New nutrition study presents a case for vegetarian diets for athletes

If you still think you need to eat meat to gain muscle, researchers at Arizona State University are here to set you straight. In a new study in Nutrients, both vegetarian and omnivore endurance athletes tracked their diet for one week and were put through a series of fitness tests. The researchers’ findings: Whether the athletes were fueled by plants or animals, they had pretty much the same body composition and same level of physical performance—with maybe even a slight edge to the green eaters.

The male athletes clocked in with pretty comparable BMIs, body fat percentages, and lean body mass regardless of whether their food came with roots or four legs. And the meat-eating men actually turned up significantly more visceral fat—the kind stored around the abs that increases your risk of diseases like type 2 diabetes.

Vegetarians ate the same amount of protein, relative to body mass, as the guys scarfing meat—roughly 1.2 grams per kg of body mass. And, even though previous studies have found vegetarians tend to consume fewer calories, this study found when it comes to athletes, pretty much everyone puts the same amount of calories in their mouth per day no matter the source.

When researchers put the guys on a treadmill, they found vegetarians had a significantly higher VO2 max, meaning the plant-fueled fellas were able to sustain physical effort for longer (helpful during, say, a marathon).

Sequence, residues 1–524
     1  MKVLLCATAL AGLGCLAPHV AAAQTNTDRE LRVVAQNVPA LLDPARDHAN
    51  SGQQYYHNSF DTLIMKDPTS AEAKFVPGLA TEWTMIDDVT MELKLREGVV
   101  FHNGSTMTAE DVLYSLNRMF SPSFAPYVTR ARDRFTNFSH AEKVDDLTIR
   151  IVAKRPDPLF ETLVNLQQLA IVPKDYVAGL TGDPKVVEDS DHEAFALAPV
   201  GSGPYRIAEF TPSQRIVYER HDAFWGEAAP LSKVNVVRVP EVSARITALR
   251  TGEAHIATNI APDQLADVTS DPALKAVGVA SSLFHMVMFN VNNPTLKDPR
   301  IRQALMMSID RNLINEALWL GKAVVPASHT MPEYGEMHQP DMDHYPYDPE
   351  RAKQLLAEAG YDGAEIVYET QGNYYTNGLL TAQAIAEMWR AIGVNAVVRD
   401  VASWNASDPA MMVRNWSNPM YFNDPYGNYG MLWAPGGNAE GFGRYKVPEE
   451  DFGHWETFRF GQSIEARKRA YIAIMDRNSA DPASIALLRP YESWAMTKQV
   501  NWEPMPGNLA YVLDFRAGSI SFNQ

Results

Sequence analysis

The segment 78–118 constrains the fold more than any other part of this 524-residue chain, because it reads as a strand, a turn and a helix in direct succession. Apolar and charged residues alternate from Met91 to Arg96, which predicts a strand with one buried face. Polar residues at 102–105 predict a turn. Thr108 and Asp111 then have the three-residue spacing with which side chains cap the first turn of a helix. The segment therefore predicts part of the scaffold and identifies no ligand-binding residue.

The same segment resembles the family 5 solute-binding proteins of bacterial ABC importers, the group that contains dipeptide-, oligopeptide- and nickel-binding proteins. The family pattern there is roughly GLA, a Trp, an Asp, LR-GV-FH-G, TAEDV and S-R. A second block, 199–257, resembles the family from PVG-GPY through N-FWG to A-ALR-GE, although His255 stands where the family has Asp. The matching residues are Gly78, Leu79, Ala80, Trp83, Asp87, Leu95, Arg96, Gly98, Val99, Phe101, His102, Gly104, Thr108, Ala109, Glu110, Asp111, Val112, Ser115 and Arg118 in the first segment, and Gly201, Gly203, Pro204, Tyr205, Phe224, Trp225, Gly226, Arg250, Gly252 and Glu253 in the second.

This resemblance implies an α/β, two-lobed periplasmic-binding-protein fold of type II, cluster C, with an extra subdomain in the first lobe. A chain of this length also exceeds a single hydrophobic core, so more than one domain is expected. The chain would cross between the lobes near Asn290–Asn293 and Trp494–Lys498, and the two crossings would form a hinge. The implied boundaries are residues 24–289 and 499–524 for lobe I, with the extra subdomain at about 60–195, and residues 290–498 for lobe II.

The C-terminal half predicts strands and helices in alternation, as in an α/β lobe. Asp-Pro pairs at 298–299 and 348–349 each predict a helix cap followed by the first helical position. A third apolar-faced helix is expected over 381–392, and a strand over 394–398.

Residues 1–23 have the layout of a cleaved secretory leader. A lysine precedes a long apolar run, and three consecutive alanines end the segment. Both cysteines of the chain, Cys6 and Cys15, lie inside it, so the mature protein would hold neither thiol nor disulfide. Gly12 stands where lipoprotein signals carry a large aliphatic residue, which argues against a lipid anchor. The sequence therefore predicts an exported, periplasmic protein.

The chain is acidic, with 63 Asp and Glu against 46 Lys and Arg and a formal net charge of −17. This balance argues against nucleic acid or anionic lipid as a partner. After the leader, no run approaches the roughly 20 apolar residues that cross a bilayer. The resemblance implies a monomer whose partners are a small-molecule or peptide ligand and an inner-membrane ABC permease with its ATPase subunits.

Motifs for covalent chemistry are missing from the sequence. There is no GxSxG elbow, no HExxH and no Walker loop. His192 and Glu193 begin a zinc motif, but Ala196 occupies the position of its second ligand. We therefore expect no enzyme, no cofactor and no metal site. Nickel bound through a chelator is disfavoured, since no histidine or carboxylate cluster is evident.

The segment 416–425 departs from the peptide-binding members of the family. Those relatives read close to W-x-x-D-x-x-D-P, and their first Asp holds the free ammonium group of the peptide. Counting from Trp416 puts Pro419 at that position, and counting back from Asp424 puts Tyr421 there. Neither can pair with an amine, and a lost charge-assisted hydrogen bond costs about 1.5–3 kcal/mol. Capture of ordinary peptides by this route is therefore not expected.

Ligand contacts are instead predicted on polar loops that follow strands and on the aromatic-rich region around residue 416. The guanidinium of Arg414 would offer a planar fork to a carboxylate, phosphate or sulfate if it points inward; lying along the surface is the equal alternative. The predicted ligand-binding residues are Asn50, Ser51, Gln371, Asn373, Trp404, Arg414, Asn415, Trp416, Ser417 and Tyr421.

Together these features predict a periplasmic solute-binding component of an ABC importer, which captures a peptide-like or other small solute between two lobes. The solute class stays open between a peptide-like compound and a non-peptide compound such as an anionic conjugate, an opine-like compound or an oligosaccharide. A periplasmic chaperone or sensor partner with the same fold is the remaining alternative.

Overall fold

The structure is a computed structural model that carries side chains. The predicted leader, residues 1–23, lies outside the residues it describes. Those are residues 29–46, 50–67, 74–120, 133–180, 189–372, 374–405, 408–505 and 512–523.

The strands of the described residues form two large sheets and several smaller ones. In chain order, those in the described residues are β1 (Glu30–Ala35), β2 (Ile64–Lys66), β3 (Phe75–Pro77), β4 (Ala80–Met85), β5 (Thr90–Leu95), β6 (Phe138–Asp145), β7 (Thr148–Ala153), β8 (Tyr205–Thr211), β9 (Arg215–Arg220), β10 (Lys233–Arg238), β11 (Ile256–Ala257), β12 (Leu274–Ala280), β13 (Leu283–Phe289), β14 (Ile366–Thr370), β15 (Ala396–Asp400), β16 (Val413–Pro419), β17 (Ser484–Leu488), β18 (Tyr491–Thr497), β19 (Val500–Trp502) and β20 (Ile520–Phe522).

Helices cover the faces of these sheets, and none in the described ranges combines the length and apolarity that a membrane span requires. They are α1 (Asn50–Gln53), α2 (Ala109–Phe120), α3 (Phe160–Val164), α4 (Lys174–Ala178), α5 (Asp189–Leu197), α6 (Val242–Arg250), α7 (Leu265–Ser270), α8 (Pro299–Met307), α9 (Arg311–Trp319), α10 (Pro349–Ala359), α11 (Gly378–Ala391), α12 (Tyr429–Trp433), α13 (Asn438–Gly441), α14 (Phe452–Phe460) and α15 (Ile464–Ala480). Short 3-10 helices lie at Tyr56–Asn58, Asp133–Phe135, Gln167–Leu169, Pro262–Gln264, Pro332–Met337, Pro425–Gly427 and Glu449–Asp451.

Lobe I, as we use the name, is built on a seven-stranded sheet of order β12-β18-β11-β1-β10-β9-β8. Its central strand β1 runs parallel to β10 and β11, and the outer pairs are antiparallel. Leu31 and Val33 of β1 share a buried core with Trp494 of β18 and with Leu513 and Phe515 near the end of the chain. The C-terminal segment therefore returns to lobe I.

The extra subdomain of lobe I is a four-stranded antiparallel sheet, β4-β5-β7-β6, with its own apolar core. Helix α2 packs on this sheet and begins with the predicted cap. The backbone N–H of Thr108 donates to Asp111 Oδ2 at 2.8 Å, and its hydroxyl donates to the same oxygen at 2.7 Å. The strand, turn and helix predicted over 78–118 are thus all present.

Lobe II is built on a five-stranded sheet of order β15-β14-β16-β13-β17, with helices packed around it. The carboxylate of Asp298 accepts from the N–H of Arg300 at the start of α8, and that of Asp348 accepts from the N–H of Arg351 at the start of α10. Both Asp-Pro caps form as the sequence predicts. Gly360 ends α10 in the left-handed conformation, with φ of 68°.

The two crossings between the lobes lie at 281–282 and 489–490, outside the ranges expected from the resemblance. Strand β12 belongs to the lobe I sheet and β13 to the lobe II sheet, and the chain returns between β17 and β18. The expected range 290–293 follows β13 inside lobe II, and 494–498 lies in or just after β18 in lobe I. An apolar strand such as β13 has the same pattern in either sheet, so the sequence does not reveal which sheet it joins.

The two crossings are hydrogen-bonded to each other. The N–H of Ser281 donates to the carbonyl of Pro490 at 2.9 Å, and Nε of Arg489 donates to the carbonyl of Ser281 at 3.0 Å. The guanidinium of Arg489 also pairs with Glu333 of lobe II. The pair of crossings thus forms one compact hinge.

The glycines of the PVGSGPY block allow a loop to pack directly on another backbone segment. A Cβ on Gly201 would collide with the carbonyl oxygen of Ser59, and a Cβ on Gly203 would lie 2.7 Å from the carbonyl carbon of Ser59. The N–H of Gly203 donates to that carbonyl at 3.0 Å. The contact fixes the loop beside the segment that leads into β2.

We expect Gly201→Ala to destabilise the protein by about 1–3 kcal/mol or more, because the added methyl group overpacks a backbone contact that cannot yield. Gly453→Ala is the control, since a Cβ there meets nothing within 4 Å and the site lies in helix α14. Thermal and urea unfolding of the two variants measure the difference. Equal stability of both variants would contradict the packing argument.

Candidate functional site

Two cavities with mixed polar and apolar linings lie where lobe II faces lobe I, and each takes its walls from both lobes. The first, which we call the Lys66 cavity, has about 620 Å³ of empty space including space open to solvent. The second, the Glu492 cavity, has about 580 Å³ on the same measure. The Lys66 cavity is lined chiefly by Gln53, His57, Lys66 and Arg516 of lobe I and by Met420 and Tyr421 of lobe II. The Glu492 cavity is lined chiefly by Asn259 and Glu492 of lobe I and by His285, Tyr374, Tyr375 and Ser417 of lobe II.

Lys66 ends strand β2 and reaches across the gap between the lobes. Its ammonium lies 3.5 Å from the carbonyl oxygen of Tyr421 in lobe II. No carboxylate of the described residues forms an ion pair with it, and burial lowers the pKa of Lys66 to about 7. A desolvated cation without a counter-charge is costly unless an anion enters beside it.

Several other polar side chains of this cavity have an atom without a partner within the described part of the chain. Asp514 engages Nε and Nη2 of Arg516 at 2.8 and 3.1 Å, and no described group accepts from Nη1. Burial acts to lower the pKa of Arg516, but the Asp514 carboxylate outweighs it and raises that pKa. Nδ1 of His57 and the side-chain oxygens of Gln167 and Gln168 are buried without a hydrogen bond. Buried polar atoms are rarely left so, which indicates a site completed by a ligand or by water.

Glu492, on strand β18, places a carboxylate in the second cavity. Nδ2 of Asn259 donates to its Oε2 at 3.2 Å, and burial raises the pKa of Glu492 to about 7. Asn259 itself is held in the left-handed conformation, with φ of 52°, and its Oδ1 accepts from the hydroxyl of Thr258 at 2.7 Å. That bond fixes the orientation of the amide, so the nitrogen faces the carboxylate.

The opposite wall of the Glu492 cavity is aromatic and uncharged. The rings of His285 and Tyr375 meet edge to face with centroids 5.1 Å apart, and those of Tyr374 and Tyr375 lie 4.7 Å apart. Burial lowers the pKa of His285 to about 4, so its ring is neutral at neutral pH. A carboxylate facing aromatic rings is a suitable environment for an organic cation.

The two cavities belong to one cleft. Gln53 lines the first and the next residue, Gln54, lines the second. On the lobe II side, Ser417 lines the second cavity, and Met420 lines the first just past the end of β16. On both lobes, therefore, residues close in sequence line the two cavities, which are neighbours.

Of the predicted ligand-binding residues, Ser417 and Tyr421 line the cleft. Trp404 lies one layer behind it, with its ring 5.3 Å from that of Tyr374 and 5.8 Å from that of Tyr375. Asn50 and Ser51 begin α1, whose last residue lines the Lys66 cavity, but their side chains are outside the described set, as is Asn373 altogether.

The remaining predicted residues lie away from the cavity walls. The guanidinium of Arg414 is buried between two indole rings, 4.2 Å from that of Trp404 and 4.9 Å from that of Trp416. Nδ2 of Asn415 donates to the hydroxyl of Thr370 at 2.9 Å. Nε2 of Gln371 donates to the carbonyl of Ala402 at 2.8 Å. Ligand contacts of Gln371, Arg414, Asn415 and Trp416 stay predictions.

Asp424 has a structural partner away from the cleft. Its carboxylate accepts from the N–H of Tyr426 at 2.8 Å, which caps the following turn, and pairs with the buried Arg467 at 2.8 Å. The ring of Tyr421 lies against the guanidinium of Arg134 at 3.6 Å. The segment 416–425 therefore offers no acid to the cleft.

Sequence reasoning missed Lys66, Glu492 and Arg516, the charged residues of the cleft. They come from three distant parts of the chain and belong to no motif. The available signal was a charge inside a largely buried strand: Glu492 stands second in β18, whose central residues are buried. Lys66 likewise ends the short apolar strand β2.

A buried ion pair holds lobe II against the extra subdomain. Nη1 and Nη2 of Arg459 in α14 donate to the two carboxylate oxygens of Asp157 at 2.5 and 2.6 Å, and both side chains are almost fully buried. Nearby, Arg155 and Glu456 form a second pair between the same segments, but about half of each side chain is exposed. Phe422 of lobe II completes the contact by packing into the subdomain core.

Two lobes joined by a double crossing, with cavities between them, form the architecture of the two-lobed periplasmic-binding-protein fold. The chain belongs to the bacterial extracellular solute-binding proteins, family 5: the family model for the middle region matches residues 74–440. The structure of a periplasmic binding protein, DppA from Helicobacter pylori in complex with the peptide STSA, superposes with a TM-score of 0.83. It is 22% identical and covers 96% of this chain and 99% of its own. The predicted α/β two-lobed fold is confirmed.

Perhaps most interesting: When the men completed a series of leg extensions, the vegetarians’ strength rivaled that of the meat eaters’. That’s right—even if you forgo steak, chicken, and (gasp) bacon, you will be just as strong as the guys that pile it on their plate.

What’s more, you may even be healthier. Studies show guys who nosh on plants are 32 percent less likely to develop heart disease, 35 percent less likely to develop prostate cancer (as well as most other forms of cancer), and actually live a longer life than men who eat meat.

If you’re thinking of taking a few nights off beef and poultry, the one thing to watch is that you’re still loading your plate with enough protein. But, despite stereotypes, that’s pretty easy to do. Tempeh has 34 grams of protein per 6 ounces, cottage cheese 23 grams per cup, Greek yogurt 18 grams per 6 ounces, and edamame 18 grams per cup. Right behind these in line are black beans, kidney beans, lentils, eggs, quinoa—well, you get the picture.


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